part of Course 133 Navigating Matplotlib

thumbnail of a scatterplot using large circular markers
ax.scatter(x, y, s=80)
thumbnail of a scatterplot using circular markers of differing sizes
sizes = np.random.sample(size=x.size)
ax.scatter(x, y, s=sizes)
thumbnail of a scatterplot using triangular markers
ax.scatter(x, y, marker="v")
thumbnail of a scatterplot using a variety of markers
ax.scatter(x1, y1, marker="o")
ax.scatter(x2, y2, marker="x")
ax.scatter(x3, y3, marker="s")
thumbnail of a scatterplot using orange markers
ax.scatter(x, y, c="orange")
thumbnail of a scatterplot using colorful markers
ax.scatter(x, y, c=x-y)
thumbnail of a scatterplot using transparent markers
ax.scatter(x, y, alpha=.05)

Make your points expressive

Being able to show individual data points is a powerful way to communicate. Being able to change their appearance can make the story they tell much richer.

A note on terminology: In Matplotlib, plotted points are called "markers". In plotting, "points" already refers to a unit of measure, so calling data points "markers" disambiguates them. Also, as we'll see, markers can be far richer than a dot, which earns them a more expressive name.

We'll get all set up and create a few data points to work with. If any part if this is confusing, take a quick look at why it's here.

import matplotlib
import matplotlib.pyplot as plt
import numpy as np

x = np.linspace(-1, 1)
y = x + np.random.normal(size=x.size)

fig = plt.figure()
ax = fig.gca()

Change the size

ax.scatter(x, y, s=80)

Using the s argument, you can set the size of your markers, in points squared. If you want a marker 10 points high, choose s=100.

scatterplot using large circular markers

Make every marker a different size

The real power of the scatter() function somes out when we want to modify markers individually.

sizes = (np.random.sample(size=x.size) * 10) ** 2
ax.scatter(x, y, s=sizes)

Here we created an array of sizes, one for each marker.

scatterplot using circular markers of differing sizes

Change the marker style

Sometimes a circle just doesn't set the right tone. Luckliy Matplotlib has you covered. There are dozens of options, plus the ability to create custom shapes of any type.

ax.scatter(x, y, marker="v")

Using the marker argument and the right character code, you can choose whichever style you like. Here are a few of the common ones.

scatterplot using triangular markers

Make multiple marker types

Having differently shaped markers is a great way to distinguish between different groups of data points. If your control group is all circles and your experimental group is all X's the difference pops out, even to colorblind viewers.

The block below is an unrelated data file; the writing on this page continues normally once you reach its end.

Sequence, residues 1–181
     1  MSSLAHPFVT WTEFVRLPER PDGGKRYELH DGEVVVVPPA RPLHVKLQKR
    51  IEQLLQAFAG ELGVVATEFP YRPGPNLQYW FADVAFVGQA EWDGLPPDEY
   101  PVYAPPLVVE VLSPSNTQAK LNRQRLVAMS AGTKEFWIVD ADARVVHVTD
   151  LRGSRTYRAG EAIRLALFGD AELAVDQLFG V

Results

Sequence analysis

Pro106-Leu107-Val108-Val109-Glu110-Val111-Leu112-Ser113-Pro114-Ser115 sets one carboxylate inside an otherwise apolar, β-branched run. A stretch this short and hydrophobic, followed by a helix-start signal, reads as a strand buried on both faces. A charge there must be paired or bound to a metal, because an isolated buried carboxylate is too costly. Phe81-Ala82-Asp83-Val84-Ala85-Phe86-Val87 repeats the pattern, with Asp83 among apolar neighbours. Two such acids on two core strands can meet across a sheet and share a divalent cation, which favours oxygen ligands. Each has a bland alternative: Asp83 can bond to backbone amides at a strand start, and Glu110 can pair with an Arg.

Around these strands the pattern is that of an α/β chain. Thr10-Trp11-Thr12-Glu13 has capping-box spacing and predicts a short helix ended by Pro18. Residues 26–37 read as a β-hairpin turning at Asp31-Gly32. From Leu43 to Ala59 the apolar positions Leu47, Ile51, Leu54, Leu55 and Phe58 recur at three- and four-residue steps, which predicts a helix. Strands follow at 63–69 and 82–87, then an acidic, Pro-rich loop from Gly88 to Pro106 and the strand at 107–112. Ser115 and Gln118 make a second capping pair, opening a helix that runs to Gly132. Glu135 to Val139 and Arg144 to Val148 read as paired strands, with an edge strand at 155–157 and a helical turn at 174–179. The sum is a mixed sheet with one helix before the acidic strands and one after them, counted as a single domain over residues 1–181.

N = x.size // 3
ax.scatter(x[:N], y[:N], marker="o")
ax.scatter(x[N: 2 * N], y[N: 2 * N], marker="x")
ax.scatter(x[2 * N:], y[2 * N:], marker="s")

There's no way to specify multiple marker styles in a single scatter() call, but we can separate our data out into groups and plot each marker style separately. Here we chopped our data up into three equal groups.

scatterplot using a variety of markers

Change the color

Another great way to make your markers express your data story is by changing their color.

ax.scatter(x, y, c="orange")

The c argument, together with any of the color names ( as described in the post on lines) lets you change your markers to whatever shade of the rainbow you like.

scatterplot using orange markers

Change the color of each marker

If you want to get extra fancy, you can control the color of each point individually. This is what makes scatter() special.

ax.scatter(x, y, c=x-y)

One way to go about this is to specify a set of numerical values for the color, one for each data point. Matplotlib automatically takes them and translates them to a nice color scale.

scatterplot using colorful markers

Make markers transparent

This is particularly useful when you have lots of overlapping markers and you would like to get a sense of their density.

x = np.linspace(-1, 1, num=1e5)
y = x + np.random.normal(size=x.size)

To illustrate this, we first create a lot of data points.

ax.scatter(x, y, marker=".", alpha=.05, edgecolors="none")

Then by setting the alpha argument to something small, each individual point only contributes a small about of digital ink to the picture. Only in places where lots of points overlap is the result a solid color. alpha=1 represents no transparency and is the default.

The edgecolors="none" is necessary to remove the marker outlines. For some marker types at least, the alpha argument doesn't apply to the outlines, only the solid fill.

scatterplot using transparent markers

and even more...

If you are curious and want to explore all the other crazy things you can do with markers and scatterplots, check out the API.

We've only scratched the surface. Want to see what else you can change in your plot? Come take a look at the full set of tutorials.